A trademark is not just a protected symbol or slogan, rather trademarks serve as a company’s identity. But how are trademarks created? The short answer is trademarks are created simply through usage. The long answer is more complicated. To understand the nuances of trademarks and their creation it is important to first identify what a trademark is.
So, what is a trademark? The term "trademark" is often used to refer to both trademarks and servicemarks; though there is a technical difference between the two. The former is used in connection with goods while the latter is used for services, but functionally, they are the same. Trademarks are typically words, phrases, symbols, slogans, or designs that are used as identifiers for particular products. For example, think of the Google "G" or the Nike "swoosh." For a word or symbol to be considered a trademark, it must be used to designate the source of a particular good.
Trademarks are recognized under the law with the intention of helping consumers identify and differentiate between brands, to protect the trademark owner's reputation, and protect businesses from having their name and likeness infringed upon. Trademarks provide businesses with effective communication tools, legal protection from infringement, and lifelong support for business expansion.
The benefits of obtaining a trademark are significant, and the process for creating one is easy. As stated above, a trademark is created when a business starts using a distinctive word, phrase, or symbol on their products and places the traditional (TM) logo next to the phrase or logo they wish to trademark. Although trademarks do not have to be registered, registered trademarks are easier to protect from infringement.
To receive these more extensive protections, the business should register its trademark with the United States Patent and Trademark Office ("USPTO"). When evaluating trademark applications, the USPTO uses a scale called the distinctiveness spectrum. Moving from least distinct to most distinct, the categories on the spectrum are generic, descriptive, suggestive, arbitrary, and fanciful. To qualify for the principal register, a trademark must generally be classified as either suggestive, arbitrary, or fanciful. Below are a few short descriptions of what it takes to qualify for each category.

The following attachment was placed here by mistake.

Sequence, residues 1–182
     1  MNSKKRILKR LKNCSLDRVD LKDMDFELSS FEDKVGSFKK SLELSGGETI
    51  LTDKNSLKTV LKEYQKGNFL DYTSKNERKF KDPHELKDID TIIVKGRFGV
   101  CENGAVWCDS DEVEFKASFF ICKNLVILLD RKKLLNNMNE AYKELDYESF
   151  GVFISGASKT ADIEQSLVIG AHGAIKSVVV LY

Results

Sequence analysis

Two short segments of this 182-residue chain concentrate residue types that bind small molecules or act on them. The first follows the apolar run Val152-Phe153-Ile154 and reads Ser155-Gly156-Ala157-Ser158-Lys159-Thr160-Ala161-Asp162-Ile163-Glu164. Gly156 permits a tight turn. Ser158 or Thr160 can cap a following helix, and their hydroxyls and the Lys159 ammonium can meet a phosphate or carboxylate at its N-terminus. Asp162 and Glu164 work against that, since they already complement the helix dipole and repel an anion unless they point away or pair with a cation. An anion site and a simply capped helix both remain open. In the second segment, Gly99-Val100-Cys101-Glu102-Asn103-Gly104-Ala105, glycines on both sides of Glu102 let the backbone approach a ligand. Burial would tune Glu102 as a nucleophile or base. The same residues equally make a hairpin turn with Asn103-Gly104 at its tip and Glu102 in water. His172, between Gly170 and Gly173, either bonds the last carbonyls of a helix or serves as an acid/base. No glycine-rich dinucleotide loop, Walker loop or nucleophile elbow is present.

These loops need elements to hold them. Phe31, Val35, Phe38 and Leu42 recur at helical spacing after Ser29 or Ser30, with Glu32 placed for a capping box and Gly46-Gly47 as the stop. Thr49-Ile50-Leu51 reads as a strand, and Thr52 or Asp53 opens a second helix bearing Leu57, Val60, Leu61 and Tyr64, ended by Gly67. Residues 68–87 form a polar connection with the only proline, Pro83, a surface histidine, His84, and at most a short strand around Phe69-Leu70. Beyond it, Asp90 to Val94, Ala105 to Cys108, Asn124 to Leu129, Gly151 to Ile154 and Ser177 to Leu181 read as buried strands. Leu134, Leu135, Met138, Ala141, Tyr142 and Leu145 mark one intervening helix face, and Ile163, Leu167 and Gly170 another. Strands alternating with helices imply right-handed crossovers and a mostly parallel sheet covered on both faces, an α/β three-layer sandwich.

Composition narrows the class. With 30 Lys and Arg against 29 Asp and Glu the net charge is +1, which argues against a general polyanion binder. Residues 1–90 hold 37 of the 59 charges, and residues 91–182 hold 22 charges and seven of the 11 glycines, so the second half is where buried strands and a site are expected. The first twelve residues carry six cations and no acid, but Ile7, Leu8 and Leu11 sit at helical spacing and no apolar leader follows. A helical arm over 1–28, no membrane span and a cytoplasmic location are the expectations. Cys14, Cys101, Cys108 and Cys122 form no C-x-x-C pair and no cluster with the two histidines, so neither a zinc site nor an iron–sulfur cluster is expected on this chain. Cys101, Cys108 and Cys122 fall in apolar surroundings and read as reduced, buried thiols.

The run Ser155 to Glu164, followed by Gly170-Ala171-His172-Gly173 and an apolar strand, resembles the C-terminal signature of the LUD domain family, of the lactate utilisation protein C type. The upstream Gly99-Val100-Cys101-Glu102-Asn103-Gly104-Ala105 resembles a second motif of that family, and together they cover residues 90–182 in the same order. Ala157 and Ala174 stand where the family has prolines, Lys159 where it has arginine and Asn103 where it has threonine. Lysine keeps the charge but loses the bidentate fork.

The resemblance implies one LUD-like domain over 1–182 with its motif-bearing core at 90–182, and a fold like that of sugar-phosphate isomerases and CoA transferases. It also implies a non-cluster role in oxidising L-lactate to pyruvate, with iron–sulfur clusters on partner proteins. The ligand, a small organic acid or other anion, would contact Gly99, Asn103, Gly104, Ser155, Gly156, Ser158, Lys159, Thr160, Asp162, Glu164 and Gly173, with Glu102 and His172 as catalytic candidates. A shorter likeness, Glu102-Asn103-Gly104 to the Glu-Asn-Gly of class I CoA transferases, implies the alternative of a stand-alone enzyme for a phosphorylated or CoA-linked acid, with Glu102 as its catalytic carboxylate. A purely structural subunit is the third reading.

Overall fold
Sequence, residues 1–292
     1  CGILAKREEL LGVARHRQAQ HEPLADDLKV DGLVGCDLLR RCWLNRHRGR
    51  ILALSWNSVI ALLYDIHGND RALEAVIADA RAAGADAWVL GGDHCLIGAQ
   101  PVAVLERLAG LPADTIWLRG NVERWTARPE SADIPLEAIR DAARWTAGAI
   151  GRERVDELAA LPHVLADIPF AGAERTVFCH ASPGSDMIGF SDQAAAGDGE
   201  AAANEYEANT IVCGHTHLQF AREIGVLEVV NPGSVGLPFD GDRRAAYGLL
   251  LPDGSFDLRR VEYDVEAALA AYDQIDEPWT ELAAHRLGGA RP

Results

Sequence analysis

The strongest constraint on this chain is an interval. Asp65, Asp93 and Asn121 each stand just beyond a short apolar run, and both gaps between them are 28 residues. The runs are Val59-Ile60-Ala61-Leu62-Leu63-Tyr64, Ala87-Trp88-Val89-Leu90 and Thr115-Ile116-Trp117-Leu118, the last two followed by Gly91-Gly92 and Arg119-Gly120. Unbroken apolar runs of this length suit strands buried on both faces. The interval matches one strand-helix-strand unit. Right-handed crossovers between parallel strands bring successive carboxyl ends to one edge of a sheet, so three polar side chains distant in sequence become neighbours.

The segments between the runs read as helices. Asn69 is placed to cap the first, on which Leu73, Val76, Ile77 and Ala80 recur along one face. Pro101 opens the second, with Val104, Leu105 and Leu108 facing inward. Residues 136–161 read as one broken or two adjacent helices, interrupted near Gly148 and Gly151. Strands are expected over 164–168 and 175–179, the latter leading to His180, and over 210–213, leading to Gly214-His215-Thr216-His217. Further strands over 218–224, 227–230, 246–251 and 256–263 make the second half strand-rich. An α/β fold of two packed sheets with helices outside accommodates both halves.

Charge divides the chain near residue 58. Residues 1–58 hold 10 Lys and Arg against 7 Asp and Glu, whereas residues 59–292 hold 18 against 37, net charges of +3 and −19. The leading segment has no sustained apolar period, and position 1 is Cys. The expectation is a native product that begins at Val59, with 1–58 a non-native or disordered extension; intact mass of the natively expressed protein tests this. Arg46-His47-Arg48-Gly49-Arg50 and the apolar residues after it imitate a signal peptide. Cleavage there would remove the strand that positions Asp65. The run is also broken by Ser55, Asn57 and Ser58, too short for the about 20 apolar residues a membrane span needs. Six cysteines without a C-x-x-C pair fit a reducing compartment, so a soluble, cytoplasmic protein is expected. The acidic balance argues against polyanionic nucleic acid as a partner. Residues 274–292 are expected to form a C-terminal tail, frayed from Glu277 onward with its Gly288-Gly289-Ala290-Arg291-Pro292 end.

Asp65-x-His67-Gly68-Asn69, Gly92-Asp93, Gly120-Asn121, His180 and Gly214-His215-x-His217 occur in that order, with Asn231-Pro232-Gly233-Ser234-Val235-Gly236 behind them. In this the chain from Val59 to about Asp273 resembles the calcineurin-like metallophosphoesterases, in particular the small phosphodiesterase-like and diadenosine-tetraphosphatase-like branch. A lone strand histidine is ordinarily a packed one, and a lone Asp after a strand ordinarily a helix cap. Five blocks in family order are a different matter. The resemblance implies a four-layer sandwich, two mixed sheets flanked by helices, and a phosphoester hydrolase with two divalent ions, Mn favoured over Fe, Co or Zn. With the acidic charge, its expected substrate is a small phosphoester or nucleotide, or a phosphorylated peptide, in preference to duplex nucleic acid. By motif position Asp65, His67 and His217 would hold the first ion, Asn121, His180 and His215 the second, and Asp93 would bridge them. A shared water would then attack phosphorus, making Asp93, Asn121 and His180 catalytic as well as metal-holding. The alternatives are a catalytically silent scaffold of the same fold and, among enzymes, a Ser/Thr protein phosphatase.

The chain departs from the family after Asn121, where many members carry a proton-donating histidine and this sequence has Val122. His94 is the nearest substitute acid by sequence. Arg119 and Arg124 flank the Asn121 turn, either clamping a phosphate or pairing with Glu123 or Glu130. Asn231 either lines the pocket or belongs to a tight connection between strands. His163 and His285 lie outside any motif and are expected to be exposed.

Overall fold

Assuming an application for a trademark meets the requirements, the USPTO will approve the trademark, so long as it is not so similar to another trademark as to cause confusion. The test used by the USPTO is whether a typical consumer is likely to be confused about whether the good originated from the first registered trademark holder's company. The factors the USPTO uses to determine this include the similarity of the trademarks in sound, sight, and meaning and the degree of relatedness of the goods. If the trademark is deemed distinctive and unlikely to cause confusion, it may then be registered. Note that there is also the possibility that an interested party files an opposition proceeding against registering the trademark.
After registration, a trademark can be renewed every ten years; thus, the trademark could theoretically last forever or at least until the company no longer wishes to use it anymore. Outside of non-renewal, there are other ways a trademark can be lost, including abandonment, genericide, naked licensing, and improper assignment. The common thread in each of these doctrines is that the mark no longer identifies particular goods or service with a particular source.
Abandonment occurs when a trademark's use is discontinued with no intent to resume use. Non-use for a period of three years is prima facie evidence of abandonment.
Genericide occurs when a trademark becomes generic, meaning that the significance of a trademark to the public is the name of a particular type of good rather than its source. For example, "escalator" was once a registered trademark by the Otis Elevator Company; eventually, the name became so popular that when the public heard the word escalator, they thought generally of the type of good (a moving staircase) rather than the good produced by Otis Elevator Company. Therefore, a court ruled that the term escalator had become so generic that it was no longer afforded trademark protections.
Naked licensing occurs when a trademark holder licenses the trademark to a third party without retaining sufficient quality control over the good. This is done because in the absence of quality control the trademark no longer represents the level of quality that consumers have come to expect from the product.
Finally, improper assignment occurs when a trademark owner assigns their trademark to another party that does not produce goods that are substantially similar to the original goods consumers have come to associate with said trademark.
Trademarks are easy to create and provide lasting protections for businesses and their intellectual property. However, business owners must be aware of the protections their trademarks currently provide them, how to expand those protections when necessary, and how to avoid losing their registered trademarks after they have been obtained through the USPTO.